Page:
By Anjali Ojha
It’s yesterday once more as 53 years on, Indian Army soldiers in the icy Himalayas, to go by a parliamentary panel’s report, suffer a crippling shortage of snow boots, ski masks and ammunition, among others – precisely the cause of the crushing defeat inflicted by the marauding Chinese forces in 1962.
Parliament’s standing committee on defence, in its report tabled in the just concluded winter session, says there’s a shortfall of 447,000 ski masks, 217,388 high-ankle boots, 186,138 bulletproof jackets, 13,09,092 brown canvas rubber sole shoes with laces, and 126,270 mosquito nets.
“The committee are surprised over the fact that such deficiencies of basic items of regular use, where no high-end technology is warranted, were allowed to exist,” the panel, headed by Major General B.C. Khanduri (retd), said.
An Indian Army representative was quoted in the report as stating there is a “major deficiency in operation and training stock”, “inadequate capacity and quality issues of indigenous ammunition by Ordnance Factory Board (OFB)” and “inadequate budget support for the Ammunition Roadmap”.
Thus, the committee recommended that “necessary steps should be taken by the (defence) ministry so that ammunition in required quantity and of high quality is always available with army at any given time. Otherwise, in the opinion of the Committee, it would not be possible for the country to sustain a war for a longer period”.
As for the non-procurement of 186,138 bullet
proof jackets, sanctioned in 2009, the committee felt that the figure…must have soared in the last five years due to increase in number of new recruits and also the wearing down of the old stock”.
“The committee are perturbed over the fact that such an important life saving device has not been purchased by the ministry, jeopardizing the lives of thousands of soldiers,” it said.
On the non-performance of the indigenous 5.56mm INSAS rifle that was meant as a replacement for the standard-issue AK-47, the panel found it “shocking” that even in 53 years, the Defence Research and Development Organisation (DRDO) had not been able to develop “a world class basic product like a rifle”.
The committee also expressed “surprise” that the funds for raising a mountain strike corps (some 30,000 personnel) was to be taken from the army’s budget and there was no separate allocation.
“The committee are surprised to note that for raising of this Corps, no separate allocation has been made in this year’s budget,” the panel said.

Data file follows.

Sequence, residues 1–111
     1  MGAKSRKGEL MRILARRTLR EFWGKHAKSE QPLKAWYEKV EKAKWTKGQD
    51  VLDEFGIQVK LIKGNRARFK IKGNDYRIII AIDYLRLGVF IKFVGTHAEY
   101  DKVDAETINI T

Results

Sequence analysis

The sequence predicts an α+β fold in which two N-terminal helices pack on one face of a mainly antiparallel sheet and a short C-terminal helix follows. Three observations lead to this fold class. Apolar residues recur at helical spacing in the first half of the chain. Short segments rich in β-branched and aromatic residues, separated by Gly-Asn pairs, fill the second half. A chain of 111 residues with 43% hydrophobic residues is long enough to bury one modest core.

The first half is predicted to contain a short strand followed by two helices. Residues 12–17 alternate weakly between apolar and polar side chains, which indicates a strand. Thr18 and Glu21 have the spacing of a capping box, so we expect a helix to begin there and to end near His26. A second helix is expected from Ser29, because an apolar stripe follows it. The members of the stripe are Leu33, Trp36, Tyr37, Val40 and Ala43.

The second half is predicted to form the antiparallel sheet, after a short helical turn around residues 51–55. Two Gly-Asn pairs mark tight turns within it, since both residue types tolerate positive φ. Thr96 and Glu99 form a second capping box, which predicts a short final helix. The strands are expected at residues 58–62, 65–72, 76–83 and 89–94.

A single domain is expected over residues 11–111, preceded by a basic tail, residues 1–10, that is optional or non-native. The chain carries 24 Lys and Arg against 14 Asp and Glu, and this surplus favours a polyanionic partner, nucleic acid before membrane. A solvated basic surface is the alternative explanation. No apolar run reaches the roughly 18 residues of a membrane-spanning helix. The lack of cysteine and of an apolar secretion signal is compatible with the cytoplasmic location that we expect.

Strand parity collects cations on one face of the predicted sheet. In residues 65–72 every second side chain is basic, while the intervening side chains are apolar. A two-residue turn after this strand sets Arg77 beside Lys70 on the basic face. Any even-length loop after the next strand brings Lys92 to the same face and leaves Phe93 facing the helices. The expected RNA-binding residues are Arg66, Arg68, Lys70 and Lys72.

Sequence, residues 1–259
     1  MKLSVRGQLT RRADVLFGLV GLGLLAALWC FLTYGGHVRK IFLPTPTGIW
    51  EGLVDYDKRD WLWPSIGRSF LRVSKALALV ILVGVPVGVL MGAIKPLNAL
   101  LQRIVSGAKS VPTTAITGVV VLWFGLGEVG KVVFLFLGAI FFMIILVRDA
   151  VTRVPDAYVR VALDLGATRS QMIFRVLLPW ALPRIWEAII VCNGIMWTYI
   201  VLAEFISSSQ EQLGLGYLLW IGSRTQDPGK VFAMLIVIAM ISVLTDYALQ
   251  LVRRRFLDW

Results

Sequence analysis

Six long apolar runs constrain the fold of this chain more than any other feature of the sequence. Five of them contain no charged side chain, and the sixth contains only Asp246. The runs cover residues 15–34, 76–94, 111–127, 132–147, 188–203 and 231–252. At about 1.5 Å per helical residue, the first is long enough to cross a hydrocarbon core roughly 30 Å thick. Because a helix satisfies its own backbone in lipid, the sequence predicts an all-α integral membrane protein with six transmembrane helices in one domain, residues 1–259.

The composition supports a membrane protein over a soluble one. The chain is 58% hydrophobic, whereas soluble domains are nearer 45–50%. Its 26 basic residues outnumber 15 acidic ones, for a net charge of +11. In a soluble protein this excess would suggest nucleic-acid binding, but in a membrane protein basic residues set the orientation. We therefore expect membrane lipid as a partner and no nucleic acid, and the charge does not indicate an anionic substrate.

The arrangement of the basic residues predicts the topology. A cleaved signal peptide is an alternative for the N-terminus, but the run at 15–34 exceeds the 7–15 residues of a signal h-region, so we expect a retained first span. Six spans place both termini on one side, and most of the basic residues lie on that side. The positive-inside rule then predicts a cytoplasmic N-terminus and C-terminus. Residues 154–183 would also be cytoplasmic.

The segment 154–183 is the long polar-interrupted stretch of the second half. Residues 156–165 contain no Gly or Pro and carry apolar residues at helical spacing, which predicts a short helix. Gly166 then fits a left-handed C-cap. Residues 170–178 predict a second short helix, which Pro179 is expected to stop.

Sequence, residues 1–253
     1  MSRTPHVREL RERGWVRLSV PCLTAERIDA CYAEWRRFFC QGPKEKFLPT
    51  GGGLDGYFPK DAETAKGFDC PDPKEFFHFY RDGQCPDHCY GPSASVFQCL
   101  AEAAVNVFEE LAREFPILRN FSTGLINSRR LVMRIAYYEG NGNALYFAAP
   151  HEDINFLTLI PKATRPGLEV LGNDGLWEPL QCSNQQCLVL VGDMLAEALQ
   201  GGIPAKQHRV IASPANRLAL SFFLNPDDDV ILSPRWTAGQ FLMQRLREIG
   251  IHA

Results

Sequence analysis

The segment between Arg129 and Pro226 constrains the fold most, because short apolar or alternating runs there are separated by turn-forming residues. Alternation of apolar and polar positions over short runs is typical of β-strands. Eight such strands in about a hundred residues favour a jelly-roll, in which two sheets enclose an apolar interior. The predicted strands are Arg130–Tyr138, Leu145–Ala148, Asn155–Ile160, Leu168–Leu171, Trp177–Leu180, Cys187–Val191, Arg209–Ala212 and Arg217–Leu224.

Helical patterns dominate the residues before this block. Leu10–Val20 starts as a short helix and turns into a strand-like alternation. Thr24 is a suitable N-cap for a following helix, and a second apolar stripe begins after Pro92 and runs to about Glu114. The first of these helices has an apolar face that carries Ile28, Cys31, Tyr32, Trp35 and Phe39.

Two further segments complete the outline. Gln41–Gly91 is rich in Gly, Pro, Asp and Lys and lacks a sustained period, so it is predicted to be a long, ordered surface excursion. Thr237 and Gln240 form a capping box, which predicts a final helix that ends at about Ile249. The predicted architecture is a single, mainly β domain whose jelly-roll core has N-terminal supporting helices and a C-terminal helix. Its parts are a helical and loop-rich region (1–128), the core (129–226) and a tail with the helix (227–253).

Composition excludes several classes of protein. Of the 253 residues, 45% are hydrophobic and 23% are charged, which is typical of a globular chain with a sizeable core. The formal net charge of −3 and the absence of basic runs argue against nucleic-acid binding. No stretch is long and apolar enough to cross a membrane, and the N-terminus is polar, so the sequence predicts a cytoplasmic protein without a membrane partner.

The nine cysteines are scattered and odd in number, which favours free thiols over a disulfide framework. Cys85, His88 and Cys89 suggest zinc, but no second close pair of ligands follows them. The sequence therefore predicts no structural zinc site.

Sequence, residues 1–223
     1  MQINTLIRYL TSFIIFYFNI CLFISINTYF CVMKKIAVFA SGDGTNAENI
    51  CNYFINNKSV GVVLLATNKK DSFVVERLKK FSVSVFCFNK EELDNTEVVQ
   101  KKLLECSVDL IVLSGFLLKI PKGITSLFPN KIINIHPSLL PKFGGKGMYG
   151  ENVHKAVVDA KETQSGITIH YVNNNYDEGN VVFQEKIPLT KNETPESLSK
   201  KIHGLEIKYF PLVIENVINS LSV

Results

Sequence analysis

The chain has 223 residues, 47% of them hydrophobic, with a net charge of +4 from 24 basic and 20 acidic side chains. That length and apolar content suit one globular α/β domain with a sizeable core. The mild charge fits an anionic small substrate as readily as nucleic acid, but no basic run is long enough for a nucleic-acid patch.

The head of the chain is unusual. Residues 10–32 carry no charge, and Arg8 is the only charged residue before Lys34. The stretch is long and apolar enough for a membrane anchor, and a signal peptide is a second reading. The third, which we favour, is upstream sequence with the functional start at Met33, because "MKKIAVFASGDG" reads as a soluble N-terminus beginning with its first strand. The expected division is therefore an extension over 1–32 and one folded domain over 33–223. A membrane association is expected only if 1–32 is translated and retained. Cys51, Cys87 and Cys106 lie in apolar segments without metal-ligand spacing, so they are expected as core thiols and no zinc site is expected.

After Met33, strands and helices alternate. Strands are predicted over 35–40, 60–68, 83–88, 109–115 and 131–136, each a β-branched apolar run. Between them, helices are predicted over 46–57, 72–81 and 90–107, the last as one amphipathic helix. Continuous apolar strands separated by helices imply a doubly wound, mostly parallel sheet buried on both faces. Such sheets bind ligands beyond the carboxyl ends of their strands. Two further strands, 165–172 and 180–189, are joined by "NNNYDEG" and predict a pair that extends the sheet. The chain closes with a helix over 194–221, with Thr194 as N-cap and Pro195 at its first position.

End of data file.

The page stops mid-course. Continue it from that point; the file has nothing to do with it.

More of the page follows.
“As informed, an amount of Rs.5,000 crore has been earmarked for it, but it is not over and above the actual budget allocated and the army has been asked to raise this corps out of its own budget,” it said.
The report added that only war wastage reserves were being utilised for raising the corps, terming this impractical.
“It seems very impractical and incongruous that a new corps is being raised with war wastage reserves. The committee feels that the ministry do away with its proclivity of ad-hoc planning and provide adequate budgetary support commensurate with the requirement of the mountain strike corps,” it said.
To be based at Panagarh in West Bengal, the mountain strike corps is meant to counter potential threats from China. It will be the army’s fourth strike corps after the Pakistan-central formations based at Hissar, Ambala and Bhopal.
The panel also pointed out the lack of funds for the forces, and asked the government not to use the economic situation as an excuse for not increasing
“Although defence expenditure is increasing in absolute terms over the years, the percentage increase… since 2000-2001 has not been consistent,” the report said.
“The committee are least convinced with the reply of the ministry that the allocation for defence expenditure has been constrained by the overall economic and fiscal situation. Such a reply is routine in nature and as per (our) view, the defence of the country must have precedence over other aspects and the ministry of finance should prioritize the entire budgetary allocation appropriately so that there remains no dearth of funds for the services and the security of the country is never compromised for want of money,” the panel added.
India on July 10 hiked its defence budget by 12.43 percent, with Finance Minister Arun Jaitley allocating Rs.229,000 crore ($38.15 billion) in the budget proposals for 2014-15 that he presented in the Lok Sabha.
This is Rs.25,373 crore over the Rs.203,672 crore allocated for 2013-14 and Rs.5,000 crore over the Rs.224,000 crore allocated in the interim budget for 2014-15 presented ahead of the April-May general election.